“I asked Daddy, ‘Can I be a pilot?’ ” Mr. Tilmon recalled in a WTTW “Chicago Tonight” interview.
His father responded by asking, “Are you willing to pay the price?”
He was. “I still, to this day, carry that kind of thinking,” Mr. Tilmon said.
He blogged that his success grew of “a strong belief that he would reach his goal regardless of what others thought or what opposition he might face along the way.”
He majored in music at Lincoln University in Missouri, where he pursued his dream of being an aviator in college ROTC programs, though he said one flight instructor told him, “You lack the intelligence and the aptitude... to be a modern jet pilot.”
After college, he entered the military, serving in the U.S. Army Corps of Engineers and flying helicopters and planes.
After he was hired by American Airlines, he recalled the shock and confusion of some passengers at seeing a Black pilot, he told WTTW: “From time to time, I would get to the gate, and everybody’s kind of lined up and ready to go through, and a little lady would say, ‘Pardon me, are you going to get on this airplane?. . . .Would you carry my bag, please?’ And I’d always say yes.”
Once on board, “The lady would say, ‘Thank you very much for taking care of my bag’ and offer me money,” he said.
When he told her he wasn’t a skycap, he said in the WTTW interview, she asked what his job was.
“Ma’am, I’m the pilot,” he told her. “And it was always a look of: ‘Oh, my God.’ ’
“America,” he said, “had to grow up a little.”
Another time, an almost “terror-stricken” passenger asked if he was the pilot. Looking past him to the cockpit, she asked whether the white man at the controls was a pilot, too. When Mr. Tilmon told her the other man was his copilot, she seemed almost relieved, he said.
“The remarkable thing about that, she was black,” he told WTTW. “A lot of the things that were inflicted on black people turned around, and we began to inflict it on ourselves.”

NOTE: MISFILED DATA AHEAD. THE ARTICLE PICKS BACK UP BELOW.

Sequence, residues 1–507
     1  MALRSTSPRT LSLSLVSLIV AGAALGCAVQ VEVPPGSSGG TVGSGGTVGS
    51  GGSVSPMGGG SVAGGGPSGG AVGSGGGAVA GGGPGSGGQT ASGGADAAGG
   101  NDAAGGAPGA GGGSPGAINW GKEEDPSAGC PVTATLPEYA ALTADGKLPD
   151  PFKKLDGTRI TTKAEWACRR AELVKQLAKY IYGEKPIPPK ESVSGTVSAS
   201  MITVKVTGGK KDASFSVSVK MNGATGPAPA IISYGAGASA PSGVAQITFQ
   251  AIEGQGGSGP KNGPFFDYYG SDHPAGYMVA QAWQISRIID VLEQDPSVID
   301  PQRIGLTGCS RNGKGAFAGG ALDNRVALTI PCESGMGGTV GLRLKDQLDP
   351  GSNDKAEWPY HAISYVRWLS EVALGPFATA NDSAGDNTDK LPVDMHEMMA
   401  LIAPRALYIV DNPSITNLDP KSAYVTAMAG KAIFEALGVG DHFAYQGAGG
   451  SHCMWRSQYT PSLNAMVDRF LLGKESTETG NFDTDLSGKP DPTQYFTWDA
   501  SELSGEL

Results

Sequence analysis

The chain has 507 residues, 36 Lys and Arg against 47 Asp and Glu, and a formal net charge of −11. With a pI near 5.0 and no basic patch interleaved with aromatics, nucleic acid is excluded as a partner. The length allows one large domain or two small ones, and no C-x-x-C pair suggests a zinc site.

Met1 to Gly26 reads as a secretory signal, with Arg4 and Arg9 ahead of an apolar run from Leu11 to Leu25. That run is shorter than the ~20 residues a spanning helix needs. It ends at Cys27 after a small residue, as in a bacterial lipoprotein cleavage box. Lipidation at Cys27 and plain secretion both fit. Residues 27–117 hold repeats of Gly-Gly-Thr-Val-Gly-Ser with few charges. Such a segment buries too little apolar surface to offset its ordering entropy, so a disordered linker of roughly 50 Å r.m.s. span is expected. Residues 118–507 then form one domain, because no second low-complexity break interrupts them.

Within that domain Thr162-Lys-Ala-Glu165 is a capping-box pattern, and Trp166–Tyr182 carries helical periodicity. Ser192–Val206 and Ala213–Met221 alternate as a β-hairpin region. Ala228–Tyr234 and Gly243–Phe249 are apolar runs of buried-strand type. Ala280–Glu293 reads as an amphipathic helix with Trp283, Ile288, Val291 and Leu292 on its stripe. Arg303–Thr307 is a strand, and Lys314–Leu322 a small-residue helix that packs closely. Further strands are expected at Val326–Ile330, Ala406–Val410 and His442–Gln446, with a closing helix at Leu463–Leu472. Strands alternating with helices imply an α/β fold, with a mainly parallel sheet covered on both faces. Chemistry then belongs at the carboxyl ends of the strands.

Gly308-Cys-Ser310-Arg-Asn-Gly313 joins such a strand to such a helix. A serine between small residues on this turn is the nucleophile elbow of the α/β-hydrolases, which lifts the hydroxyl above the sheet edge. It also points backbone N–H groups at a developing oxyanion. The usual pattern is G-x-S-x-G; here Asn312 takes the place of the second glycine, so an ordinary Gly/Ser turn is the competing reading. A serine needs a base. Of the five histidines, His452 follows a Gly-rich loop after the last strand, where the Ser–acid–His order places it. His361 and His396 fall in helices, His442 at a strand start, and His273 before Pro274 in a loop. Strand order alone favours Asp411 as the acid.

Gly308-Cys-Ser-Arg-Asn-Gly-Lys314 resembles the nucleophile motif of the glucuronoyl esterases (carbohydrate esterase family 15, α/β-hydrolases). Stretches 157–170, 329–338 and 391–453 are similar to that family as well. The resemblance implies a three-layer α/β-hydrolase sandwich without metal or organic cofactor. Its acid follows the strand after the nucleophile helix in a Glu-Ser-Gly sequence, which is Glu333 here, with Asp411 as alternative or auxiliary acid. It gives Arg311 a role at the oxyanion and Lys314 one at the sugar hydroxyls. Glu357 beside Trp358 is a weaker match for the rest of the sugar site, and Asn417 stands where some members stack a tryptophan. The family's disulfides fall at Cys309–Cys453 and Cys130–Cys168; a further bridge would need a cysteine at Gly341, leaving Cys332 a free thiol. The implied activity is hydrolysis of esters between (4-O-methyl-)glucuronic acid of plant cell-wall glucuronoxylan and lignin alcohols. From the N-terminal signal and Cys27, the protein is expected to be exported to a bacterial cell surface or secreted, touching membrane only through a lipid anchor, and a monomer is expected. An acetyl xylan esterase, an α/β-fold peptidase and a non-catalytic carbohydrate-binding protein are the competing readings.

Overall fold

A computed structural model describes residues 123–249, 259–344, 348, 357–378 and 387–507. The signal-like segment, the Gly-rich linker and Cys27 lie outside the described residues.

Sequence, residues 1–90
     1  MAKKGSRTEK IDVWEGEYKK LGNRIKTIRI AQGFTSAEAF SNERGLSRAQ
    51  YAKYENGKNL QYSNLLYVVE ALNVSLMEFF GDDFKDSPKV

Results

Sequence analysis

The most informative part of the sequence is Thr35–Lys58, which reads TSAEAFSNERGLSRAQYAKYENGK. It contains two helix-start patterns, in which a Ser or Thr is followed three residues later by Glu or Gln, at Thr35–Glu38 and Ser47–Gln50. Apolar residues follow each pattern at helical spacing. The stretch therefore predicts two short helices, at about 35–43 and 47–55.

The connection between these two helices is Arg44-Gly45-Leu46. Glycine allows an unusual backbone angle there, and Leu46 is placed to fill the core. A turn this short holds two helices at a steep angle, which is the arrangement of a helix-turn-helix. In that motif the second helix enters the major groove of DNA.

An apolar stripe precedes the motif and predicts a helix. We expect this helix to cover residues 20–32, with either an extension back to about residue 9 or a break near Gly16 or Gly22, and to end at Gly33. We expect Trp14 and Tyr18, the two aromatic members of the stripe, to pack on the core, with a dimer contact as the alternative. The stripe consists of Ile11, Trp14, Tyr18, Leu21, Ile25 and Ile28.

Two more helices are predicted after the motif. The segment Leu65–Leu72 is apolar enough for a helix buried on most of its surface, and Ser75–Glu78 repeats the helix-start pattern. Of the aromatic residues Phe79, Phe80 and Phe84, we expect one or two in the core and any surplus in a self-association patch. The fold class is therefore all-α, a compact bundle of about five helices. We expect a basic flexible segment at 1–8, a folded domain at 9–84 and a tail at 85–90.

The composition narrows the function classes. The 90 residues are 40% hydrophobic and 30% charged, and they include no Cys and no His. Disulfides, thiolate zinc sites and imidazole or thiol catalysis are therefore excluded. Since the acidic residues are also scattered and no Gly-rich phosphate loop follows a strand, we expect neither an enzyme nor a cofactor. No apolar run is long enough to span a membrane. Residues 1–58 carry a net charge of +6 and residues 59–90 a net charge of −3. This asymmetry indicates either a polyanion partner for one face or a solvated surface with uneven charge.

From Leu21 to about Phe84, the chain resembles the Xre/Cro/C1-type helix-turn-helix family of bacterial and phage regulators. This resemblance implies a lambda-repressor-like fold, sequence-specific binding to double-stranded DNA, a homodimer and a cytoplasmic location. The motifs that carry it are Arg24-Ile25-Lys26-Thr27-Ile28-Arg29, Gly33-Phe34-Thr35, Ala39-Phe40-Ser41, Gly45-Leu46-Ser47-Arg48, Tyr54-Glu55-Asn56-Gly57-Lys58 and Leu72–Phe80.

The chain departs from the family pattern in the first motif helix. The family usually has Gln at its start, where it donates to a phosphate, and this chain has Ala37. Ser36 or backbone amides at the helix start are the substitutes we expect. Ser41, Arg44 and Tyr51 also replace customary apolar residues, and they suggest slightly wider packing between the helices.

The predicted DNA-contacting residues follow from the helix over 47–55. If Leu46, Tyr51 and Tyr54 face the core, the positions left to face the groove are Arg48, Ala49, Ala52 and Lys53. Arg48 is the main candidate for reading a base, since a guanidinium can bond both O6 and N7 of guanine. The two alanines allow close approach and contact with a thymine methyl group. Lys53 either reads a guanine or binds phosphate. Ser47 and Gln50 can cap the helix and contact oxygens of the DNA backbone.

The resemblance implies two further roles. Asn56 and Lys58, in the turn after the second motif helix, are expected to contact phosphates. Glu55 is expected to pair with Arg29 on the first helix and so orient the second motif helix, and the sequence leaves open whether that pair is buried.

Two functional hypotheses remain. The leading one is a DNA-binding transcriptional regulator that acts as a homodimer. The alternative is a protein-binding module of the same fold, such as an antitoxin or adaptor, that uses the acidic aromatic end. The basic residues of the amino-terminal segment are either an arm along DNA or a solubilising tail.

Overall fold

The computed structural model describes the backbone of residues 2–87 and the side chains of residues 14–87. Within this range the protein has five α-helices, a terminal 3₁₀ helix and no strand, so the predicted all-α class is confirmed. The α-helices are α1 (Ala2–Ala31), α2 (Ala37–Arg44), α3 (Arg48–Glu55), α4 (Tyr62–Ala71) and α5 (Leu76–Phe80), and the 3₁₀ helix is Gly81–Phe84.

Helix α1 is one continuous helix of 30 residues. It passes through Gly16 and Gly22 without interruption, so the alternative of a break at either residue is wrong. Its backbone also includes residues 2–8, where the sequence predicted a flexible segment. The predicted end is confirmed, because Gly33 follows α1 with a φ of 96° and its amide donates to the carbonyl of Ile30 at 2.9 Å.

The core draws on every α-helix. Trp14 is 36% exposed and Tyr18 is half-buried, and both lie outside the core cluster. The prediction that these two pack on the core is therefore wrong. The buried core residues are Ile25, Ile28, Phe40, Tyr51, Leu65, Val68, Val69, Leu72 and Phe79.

Later in his career, he contributed aviation analysis for TV stations including Fox affiliates in Chicago and Phoenix and WBBM-TV.
He appeared in a 1994 episode of the TV show “ER” and had a cameo in the 2012 Bob Zemeckis movie “Flight,” starring Denzel Washington.
His former WMAQ broadcasting colleagues praised Mr. Tilmon on social media, with Art Norman calling him “agiant” and Carol Marin saying he was “a total gentleman and great colleague.”
Mr. Tilmon never lost his love for music, playing clarinet with the Lake Forest Symphony, according to his biography.
He and Joan Cuyjet Tilmon were married in 1988.
In an opinion piece he wrote for the Chicago Tribune in 1969, Mr. Tilmon said the athletes who raised their fists in the Black power symbol at the 1968 Olympics “were acknowledging the fact that in America we do have problems. Who can deny it? The most beautiful thing this country could have accomplished would have been to show the world that in America we can even do this. These athletes are Americans. They ran under our flag and they won that way. Can any other country allow, under close scrutiny, this dimension of freedom? But the way it turned out, even the United States of America couldn’t make the statement that it sanctioned that silent, yet powerful, demonstration. And the fact that we didn’t made their protest more viable.”